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|Ron, on 11/3/2019 05:11pm|
Can anyone help me understand the following instructions?
"For a more professional taste, add a tsp. water and stir-fry again until oil separates. Repeat once more..."
What does this achieve?
How does it work?
Does the oil recombine with the sauce before separating again?
How does it make the sauce more professional taste?
Should I stir fry the sauce three times in total?
Would you ever try and serve without the separated oil?
Apologies if these are silly questions, I am fairly new to this cooking.
|Mamta, on 12/3/2019 03:51pm|
I was shown this trick/ method by a 15 year old girl in India about 15 years ago. She had learnt it from her mum, who was/is an amazing cook.
I can't explain the scientific reason for doing this, but it does definitely improves the flavour of spices when fried a couple of times. May be this caramelises the onions and spice mix really well. All I can say is that when I do this, the sauce does taste better, more aromatic.
"Should I stir fry the sauce three times in total?"
Depends on the time you have. If frying once, just make sure it is fried well
"Would you ever try and serve without the separated oil?"
Not usually, because the sauce then doesn't smell right, it smells of half cooked onions.
"Apologies if these are silly questions, I am fairly new to this cooking."
No question is a silly question. I am not a professional cook and still learn new things every day, even though I am now in my seventies 🙂
Anyway, welcome to mamtaskitchen
|Ron, on 13/3/2019 04:55pm|
Thanks for your reply and your wonderful website. I will experiment until I hope I get some level of understanding.
|, on 13/3/2019 11:25pm|
You are most welcome.
|Helen Bach, on 31/3/2019 01:11pm|
I think what you are doing is called bhuno'ing (sp?), adding a little water to frying onions etc. and spices.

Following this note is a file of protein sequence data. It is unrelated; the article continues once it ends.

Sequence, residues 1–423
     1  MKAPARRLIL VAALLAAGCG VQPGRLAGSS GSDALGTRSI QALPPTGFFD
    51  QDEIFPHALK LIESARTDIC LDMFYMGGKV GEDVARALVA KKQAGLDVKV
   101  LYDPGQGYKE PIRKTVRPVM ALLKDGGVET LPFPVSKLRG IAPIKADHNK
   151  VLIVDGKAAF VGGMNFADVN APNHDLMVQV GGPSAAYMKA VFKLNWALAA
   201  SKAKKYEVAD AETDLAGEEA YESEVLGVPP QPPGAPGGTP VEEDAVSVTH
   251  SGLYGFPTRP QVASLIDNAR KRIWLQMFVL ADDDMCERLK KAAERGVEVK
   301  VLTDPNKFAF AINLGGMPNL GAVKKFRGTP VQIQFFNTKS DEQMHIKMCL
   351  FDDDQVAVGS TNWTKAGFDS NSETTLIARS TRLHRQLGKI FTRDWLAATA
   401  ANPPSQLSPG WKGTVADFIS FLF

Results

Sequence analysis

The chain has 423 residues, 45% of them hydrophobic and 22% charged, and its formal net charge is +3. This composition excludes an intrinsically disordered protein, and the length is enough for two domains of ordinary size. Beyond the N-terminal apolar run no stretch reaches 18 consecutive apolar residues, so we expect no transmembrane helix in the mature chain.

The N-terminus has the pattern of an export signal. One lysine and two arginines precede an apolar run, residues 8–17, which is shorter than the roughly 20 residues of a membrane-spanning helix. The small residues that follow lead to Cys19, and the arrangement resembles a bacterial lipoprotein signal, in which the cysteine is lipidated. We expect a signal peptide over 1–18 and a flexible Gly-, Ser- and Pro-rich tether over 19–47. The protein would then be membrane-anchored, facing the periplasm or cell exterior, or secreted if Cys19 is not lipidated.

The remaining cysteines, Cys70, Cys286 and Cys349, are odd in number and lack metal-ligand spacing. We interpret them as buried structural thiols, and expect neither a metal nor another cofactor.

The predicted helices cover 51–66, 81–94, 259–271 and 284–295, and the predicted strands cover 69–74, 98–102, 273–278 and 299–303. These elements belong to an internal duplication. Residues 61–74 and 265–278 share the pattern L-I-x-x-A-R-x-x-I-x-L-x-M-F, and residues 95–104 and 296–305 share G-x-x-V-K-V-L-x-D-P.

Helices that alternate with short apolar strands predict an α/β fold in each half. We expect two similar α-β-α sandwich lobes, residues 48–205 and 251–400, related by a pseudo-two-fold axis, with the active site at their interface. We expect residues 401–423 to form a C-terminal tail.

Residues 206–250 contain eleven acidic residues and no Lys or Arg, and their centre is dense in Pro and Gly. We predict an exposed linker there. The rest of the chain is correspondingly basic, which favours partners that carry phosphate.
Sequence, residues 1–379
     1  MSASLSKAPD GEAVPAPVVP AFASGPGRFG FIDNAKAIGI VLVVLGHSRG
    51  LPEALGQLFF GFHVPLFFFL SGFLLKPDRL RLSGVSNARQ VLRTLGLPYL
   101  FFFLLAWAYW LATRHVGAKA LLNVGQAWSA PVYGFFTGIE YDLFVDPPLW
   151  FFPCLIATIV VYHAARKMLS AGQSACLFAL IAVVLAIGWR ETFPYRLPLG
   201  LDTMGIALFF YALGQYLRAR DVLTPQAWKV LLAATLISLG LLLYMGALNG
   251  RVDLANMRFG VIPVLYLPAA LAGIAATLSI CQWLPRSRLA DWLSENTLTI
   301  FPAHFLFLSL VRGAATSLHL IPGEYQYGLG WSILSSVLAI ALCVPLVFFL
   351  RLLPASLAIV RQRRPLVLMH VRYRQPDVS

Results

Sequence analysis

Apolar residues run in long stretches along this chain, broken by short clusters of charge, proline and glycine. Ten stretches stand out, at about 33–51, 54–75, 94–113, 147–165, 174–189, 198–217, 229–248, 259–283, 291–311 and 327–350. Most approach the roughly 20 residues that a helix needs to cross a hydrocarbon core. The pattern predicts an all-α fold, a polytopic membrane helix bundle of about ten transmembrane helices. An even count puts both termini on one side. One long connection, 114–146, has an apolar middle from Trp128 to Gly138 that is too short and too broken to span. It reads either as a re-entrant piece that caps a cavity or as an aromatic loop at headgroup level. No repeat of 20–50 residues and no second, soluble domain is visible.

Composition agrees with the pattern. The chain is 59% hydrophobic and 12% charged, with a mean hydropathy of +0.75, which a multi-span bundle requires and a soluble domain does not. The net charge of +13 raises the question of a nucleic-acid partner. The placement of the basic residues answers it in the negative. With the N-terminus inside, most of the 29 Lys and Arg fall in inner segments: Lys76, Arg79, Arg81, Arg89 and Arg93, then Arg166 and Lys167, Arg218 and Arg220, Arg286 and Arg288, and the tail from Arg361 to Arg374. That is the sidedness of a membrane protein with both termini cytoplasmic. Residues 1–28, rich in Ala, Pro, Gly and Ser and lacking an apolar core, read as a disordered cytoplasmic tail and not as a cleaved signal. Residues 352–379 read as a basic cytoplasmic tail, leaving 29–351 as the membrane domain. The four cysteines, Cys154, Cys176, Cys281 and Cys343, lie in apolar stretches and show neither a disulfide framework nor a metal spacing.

When we cook in water, the highest temperature we can ever reach is 100C. When we cook in oil, we can continue cooking until we reach the 'smoke point' of the oil, although we shouldn't get near to that in practice!
When using spices, we want to extract the flavour compounds into the oil/ghee. This is simply achieved by heating the spices with the oil. If onions are present, then water will also be present, and the temperature will not get above 100C until all the water (or most of it) has been cooked off. Then there is a rise in temperature, and the oil extraction takes place. What can happen is that the temperature can get too high, and things start to burn. The remedy is bhuno. Adding water to bring down the temperature (sub-burning levels) but maintaining an essentially oil rich environment for flavour extraction. The adding of water is done several times, as the water is boiled away.
This procedure is the way bhuno dishes are made, or should be ;?)
|Mamta, on 1/4/2019 05:25am|
Thank you for explaining that Helen, it makes perfect sense to me. My late father used to explain so many things in my mums kitchen, the reason why they happened or why they were done, with his chemists hat. I still enjoy learning that :). So thank you.
According to Oxford Hindi to English dictionary, of which I keep a copy, the word Bhoon-na or Bhun-na means 1. to parch or 2. to fry or 3. to scorch.
Bhunoing is combination of a Hindi word Bhuno or and English verb ing. It is one of those non-words that creeps up when a combination of languages are spoken as one. Hindi and English are often spoken mixed up in India, so many such words become part of the spoken language.
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